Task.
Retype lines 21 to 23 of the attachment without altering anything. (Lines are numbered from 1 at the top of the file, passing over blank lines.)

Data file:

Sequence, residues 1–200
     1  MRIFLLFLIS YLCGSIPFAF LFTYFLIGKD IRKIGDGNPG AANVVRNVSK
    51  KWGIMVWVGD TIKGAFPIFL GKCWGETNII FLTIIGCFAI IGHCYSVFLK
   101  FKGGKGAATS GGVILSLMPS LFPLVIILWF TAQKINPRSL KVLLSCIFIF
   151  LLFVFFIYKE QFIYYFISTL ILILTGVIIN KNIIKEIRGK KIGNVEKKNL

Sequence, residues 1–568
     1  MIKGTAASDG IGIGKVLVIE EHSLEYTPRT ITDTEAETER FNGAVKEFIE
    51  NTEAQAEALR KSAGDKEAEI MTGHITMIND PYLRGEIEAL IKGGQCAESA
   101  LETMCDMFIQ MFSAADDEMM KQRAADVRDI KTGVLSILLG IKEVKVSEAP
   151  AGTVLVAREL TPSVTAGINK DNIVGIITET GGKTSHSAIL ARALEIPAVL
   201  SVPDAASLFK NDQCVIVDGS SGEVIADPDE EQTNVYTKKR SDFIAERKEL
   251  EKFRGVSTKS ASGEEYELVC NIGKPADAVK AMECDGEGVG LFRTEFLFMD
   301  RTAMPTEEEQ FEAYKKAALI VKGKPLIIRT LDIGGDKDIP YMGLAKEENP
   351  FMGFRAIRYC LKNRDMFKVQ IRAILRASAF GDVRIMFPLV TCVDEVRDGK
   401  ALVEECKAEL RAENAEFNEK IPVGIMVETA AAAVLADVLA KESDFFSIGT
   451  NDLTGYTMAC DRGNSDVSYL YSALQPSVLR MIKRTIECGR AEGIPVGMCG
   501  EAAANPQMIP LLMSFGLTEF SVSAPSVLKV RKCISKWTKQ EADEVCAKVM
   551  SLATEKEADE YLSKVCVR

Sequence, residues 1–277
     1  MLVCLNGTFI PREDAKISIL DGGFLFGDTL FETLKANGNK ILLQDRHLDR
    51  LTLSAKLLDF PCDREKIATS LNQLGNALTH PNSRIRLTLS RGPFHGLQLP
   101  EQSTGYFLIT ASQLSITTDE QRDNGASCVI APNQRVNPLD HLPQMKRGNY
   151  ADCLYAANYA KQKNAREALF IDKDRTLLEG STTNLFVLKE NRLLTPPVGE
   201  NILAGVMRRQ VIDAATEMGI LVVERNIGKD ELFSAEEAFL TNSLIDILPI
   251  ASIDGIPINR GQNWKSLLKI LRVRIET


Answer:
    51  LTLSAKLLDF PCDREKIATS LNQLGNALTH PNSRIRLTLS RGPFHGLQLP
   101  EQSTGYFLIT ASQLSITTDE QRDNGASCVI APNQRVNPLD HLPQMKRGNY
   151  ADCLYAANYA KQKNAREALF IDKDRTLLEG STTNLFVLKE NRLLTPPVGE